As far as us gardeners are concerned, few pleasures in life compare to biting into that first sun-ripened tomato. After getting off to a rather dry start and needing supplemental watering, many of us found our gardens more on the too wet side and wishing some of that rain would go to California where it is really needed. I even found some slugs crawling up the tomato stakes instead of hiding beneath the mulch! Apparently, even they were looking for higher ground!

standing wtr around raised beds

Standing water around raised tomato beds. Photo by dmp.

Vegetable gardeners in New England know that tomatoes face several diseases including blights, leaf spots, anthracnose and so on. We deal with this problem in different ways. I try to grow some disease resistant cultivars, like ‘Peron’ and ‘Defiant’. Both are reported to be resistant to several diseases with ‘Defiant’ touted as having late blight resistance. Having resistance does not mean the plants will not get a disease; just that it often won’t kill them (or at least won’t kill them as quickly!). ‘Defiant’ gets some early blight, leaf spots but typically if I continue removing the infected foliage on a weekly basis; it grows out of them and produces well into the fall. The rainy weather has curtailed some of my weekly clean ups so all my tomato plants look a little worse for the wear.

tomato row w hardly any leaves

Tomatoes with few healthy leaves due to disease/wet weather. Photo by dmp.

There are lots of mid-sized and tasty tomatoes on ‘Defiant’ right now but almost all of them have a condition known as yellow shoulder. This is a physiological disorder and while the affected portions of the tomato are showing up yellow on my tomatoes, they may be green, white, or grey on other varieties. These areas are also tougher and not as palatable. The specific cause for this disorder is not known but it is believed to be related to high temperatures, which we certainly were experiencing, lack of potassium, high soil pH and/or perhaps too much magnesium relative to calcium in the soil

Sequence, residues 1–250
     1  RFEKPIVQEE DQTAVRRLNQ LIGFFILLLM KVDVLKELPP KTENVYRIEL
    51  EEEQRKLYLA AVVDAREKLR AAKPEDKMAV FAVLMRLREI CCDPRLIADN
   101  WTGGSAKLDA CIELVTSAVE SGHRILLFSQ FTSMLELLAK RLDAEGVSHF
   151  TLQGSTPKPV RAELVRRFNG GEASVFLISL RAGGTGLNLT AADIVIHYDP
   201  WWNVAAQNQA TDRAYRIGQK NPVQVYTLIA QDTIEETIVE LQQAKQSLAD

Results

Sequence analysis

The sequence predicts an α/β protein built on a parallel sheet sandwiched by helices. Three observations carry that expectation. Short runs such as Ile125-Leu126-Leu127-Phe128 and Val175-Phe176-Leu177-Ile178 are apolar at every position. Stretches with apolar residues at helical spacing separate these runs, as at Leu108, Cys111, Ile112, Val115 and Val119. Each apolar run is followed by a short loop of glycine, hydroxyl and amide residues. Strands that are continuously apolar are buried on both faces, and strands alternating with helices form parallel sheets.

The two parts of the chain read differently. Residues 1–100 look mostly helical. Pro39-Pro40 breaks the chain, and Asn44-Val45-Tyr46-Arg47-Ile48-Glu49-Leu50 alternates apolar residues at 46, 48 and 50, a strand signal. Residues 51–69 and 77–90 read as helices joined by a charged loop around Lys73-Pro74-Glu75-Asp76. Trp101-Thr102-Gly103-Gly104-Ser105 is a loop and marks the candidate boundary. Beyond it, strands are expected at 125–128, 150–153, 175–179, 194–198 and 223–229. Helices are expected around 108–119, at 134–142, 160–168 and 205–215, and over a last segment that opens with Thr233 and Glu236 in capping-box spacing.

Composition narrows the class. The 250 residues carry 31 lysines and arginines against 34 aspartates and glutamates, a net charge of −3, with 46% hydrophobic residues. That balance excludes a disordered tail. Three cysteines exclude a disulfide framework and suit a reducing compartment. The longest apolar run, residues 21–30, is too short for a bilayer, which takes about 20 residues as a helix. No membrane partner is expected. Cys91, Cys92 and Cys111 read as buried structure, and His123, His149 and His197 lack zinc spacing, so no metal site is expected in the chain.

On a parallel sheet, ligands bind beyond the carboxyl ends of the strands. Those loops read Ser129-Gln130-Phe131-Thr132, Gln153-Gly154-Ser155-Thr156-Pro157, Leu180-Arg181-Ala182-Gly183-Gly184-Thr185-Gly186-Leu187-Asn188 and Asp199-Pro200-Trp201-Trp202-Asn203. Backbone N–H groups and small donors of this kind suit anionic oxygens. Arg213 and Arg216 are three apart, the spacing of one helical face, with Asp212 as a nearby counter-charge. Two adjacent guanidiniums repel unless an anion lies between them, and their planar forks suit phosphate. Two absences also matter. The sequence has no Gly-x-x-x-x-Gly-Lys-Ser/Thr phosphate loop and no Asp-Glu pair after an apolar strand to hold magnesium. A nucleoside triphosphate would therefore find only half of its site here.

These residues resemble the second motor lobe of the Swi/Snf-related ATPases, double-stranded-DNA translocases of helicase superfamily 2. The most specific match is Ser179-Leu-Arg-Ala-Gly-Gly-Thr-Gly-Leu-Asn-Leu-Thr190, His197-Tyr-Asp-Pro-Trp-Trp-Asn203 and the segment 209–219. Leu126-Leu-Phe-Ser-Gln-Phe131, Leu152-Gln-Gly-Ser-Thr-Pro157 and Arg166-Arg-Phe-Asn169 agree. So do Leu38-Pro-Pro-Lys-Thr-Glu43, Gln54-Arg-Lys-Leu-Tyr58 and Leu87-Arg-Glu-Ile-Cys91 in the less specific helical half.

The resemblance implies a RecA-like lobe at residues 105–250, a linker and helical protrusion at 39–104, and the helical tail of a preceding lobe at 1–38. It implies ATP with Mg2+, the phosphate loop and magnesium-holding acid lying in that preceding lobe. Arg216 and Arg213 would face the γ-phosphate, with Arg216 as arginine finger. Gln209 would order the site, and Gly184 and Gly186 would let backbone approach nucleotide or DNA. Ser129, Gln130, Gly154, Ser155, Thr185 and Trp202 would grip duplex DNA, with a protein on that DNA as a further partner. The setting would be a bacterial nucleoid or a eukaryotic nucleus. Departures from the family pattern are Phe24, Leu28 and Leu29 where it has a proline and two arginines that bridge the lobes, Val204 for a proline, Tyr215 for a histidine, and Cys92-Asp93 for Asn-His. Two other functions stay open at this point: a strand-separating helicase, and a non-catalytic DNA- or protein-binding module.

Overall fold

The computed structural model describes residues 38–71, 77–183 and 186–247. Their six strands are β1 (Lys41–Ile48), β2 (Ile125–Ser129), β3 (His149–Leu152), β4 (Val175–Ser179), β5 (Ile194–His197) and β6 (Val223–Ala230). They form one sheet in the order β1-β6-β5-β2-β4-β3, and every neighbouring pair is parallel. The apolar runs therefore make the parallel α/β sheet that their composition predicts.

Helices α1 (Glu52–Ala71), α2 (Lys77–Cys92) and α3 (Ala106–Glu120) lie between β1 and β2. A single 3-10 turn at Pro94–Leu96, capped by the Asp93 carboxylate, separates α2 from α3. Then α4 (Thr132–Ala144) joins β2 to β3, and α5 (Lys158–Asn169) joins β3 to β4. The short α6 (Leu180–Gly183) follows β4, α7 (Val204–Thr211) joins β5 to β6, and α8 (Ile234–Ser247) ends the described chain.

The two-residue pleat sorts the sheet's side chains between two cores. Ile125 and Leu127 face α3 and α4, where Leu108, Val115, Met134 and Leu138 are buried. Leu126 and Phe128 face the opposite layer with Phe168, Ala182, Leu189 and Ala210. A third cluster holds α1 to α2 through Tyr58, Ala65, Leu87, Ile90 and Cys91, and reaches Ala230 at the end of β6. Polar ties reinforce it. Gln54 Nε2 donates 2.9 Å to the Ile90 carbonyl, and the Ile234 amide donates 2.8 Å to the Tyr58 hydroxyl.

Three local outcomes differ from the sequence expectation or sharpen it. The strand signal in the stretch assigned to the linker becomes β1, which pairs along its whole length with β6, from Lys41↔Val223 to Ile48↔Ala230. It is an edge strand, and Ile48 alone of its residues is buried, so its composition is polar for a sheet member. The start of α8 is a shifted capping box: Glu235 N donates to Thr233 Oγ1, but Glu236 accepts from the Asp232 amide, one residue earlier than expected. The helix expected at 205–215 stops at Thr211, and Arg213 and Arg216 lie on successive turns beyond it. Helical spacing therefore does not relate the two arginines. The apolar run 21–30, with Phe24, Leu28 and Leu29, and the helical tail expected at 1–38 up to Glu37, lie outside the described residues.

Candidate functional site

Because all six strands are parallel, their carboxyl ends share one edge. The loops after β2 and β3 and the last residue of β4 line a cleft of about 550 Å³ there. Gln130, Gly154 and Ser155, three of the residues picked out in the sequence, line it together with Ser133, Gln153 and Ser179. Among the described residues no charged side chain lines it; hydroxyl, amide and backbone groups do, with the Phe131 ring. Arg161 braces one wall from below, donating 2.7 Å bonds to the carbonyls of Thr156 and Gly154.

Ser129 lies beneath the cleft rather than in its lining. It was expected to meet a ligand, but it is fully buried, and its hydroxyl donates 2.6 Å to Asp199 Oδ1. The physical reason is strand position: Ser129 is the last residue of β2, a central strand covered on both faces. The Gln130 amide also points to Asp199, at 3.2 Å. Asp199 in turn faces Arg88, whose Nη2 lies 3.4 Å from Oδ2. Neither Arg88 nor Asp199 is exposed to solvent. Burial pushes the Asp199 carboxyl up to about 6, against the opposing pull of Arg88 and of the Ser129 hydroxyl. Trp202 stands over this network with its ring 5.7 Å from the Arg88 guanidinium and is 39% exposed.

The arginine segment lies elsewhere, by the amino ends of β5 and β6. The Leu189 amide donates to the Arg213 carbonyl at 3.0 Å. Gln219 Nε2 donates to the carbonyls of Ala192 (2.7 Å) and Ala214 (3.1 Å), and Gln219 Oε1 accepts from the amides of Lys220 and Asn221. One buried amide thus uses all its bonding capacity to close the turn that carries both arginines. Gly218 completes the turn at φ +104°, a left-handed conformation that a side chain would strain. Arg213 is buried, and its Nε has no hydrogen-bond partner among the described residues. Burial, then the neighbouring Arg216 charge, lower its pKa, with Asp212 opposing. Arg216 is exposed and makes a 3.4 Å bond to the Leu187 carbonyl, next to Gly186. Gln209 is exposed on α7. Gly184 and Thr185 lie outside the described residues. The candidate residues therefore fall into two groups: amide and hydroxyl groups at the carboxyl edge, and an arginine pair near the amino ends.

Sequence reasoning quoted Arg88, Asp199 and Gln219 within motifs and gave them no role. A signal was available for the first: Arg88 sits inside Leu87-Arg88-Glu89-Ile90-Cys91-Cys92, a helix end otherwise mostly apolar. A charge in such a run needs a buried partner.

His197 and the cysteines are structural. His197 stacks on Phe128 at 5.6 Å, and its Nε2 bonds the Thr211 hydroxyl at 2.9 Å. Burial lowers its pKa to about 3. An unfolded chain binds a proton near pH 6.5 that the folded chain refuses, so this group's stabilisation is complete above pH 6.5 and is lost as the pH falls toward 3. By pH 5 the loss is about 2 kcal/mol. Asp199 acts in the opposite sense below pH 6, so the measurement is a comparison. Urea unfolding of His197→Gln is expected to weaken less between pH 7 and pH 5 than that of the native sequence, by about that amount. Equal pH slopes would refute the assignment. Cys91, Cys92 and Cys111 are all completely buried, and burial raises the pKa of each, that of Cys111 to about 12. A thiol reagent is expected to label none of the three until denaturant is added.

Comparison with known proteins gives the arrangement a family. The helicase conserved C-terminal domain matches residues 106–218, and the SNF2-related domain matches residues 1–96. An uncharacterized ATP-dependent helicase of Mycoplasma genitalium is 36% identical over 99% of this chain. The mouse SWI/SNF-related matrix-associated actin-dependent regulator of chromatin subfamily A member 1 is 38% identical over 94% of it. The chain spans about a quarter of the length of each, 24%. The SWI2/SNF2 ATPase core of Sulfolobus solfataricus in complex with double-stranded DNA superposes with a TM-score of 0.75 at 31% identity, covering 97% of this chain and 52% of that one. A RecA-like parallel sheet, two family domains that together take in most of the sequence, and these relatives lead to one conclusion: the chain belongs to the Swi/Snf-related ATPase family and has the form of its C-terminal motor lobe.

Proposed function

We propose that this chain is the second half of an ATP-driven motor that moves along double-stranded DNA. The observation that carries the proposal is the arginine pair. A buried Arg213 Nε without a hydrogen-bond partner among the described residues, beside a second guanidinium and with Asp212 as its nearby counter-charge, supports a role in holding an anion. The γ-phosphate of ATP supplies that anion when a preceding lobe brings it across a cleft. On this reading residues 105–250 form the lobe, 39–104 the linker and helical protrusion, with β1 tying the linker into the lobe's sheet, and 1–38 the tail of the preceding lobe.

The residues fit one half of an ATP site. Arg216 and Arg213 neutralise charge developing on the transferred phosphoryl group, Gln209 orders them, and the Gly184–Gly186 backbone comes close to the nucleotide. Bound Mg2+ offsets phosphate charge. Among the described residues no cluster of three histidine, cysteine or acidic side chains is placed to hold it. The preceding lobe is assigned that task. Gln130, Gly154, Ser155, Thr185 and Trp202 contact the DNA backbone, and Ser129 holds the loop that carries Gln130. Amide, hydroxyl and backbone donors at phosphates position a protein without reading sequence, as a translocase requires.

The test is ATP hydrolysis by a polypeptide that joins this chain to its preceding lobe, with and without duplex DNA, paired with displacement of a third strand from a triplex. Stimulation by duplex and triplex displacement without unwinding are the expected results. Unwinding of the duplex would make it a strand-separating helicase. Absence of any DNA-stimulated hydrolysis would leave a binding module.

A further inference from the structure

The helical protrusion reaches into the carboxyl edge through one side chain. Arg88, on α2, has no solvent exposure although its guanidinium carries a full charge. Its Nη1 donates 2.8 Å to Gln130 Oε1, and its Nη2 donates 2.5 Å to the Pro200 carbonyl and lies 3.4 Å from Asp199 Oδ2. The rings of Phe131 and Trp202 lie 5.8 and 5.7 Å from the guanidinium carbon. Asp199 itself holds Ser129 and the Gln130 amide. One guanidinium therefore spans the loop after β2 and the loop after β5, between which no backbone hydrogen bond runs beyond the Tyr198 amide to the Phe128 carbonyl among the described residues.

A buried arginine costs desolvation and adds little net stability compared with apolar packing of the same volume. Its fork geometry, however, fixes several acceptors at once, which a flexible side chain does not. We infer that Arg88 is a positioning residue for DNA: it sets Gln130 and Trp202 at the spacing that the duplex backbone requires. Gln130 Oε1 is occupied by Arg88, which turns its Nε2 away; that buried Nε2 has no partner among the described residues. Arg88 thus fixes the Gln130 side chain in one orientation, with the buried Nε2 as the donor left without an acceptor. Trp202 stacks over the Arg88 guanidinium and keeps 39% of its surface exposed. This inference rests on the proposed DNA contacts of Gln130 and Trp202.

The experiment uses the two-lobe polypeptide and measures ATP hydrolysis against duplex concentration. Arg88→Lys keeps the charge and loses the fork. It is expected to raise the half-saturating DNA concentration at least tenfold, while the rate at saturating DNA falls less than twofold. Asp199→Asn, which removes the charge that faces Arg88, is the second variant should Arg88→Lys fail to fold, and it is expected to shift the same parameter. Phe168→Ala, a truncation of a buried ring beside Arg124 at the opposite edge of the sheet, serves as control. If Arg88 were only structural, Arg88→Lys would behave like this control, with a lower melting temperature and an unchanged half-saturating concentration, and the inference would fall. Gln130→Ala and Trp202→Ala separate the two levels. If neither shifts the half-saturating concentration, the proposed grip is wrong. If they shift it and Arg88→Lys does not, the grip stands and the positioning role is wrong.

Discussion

tomato yellow shoulders

Defiant tomatoes with yellow shoulder. Photo by dmp.

It’s always fun to try a new tomato variety or two and this year I planted ‘Tasmanian Chocolate’, a unique dwarf with full-sized, 8 to 10 ounce, mahogany red tomatoes on plants about 40 inches tall. The tomatoes are slightly lobed and delicious, but right now all the fruits are terribly cat-faced. This is another physiological condition where the exact cause hasn’t yet been pinpointed. Supposedly, it starts in the early stages of flower bud development. This disorder has been attributed to low temperatures (below 60 F, which I have not experienced), high amounts of nitrogen in the soil and excessive pruning. If anything, any nitrogen in the organic fertilizer I applied around Memorial Day has been washed out with all the rain and mostly I have just been pruning out diseased leaves Herbicide damage was also given as a potential cause but I have woods on two sides of the property and my next-door neighbor has not applied any. I will try this tomato variety again as it is very tasty and does not seem as prone to leaf diseases as some other tomato varieties.

Tomato catface 2

Catfaced Tasmanian Chocolate tomatoes. Photo by dmp.

Then there is ‘Ildi’, a yellow cherry tomato. I like to grow one yellow, one orange and one red cherry tomato mostly because they look so lovely in salads. ‘Sun Gold’ is my go to orange cherry with its exquisite flavor and prolific production. For a red, this year I grew ‘Matt’s Wild Cherry’, which has oodles of half-inch, tasty red tomatoes.

yel jel bean, sungold sw mill, Fair Blue

Cherry tomatoes – Sungold, Sweet Million, Yellow Jelly Bean and Fair Blue. Photo by dmp.